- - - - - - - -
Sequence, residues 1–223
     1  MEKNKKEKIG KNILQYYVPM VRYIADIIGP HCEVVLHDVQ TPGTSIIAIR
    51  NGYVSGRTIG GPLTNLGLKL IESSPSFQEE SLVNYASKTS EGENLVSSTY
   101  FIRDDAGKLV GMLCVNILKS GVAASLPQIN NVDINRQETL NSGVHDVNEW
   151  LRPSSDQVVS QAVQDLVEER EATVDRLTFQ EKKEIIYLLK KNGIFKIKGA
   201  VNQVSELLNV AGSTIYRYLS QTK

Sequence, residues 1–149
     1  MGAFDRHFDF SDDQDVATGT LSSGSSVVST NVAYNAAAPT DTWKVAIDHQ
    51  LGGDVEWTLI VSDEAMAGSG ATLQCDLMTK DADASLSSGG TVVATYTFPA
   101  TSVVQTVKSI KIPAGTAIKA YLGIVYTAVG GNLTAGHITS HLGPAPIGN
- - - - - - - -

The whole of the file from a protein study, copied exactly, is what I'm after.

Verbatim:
Sequence, residues 1–223
     1  MEKNKKEKIG KNILQYYVPM VRYIADIIGP HCEVVLHDVQ TPGTSIIAIR
    51  NGYVSGRTIG GPLTNLGLKL IESSPSFQEE SLVNYASKTS EGENLVSSTY
   101  FIRDDAGKLV GMLCVNILKS GVAASLPQIN NVDINRQETL NSGVHDVNEW
   151  LRPSSDQVVS QAVQDLVEER EATVDRLTFQ EKKEIIYLLK KNGIFKIKGA
   201  VNQVSELLNV AGSTIYRYLS QTK

Sequence, residues 1–149
     1  MGAFDRHFDF SDDQDVATGT LSSGSSVVST NVAYNAAAPT DTWKVAIDHQ
    51  LGGDVEWTLI VSDEAMAGSG ATLQCDLMTK DADASLSSGG TVVATYTFPA
   101  TSVVQTVKSI KIPAGTAIKA YLGIVYTAVG GNLTAGHITS HLGPAPIGN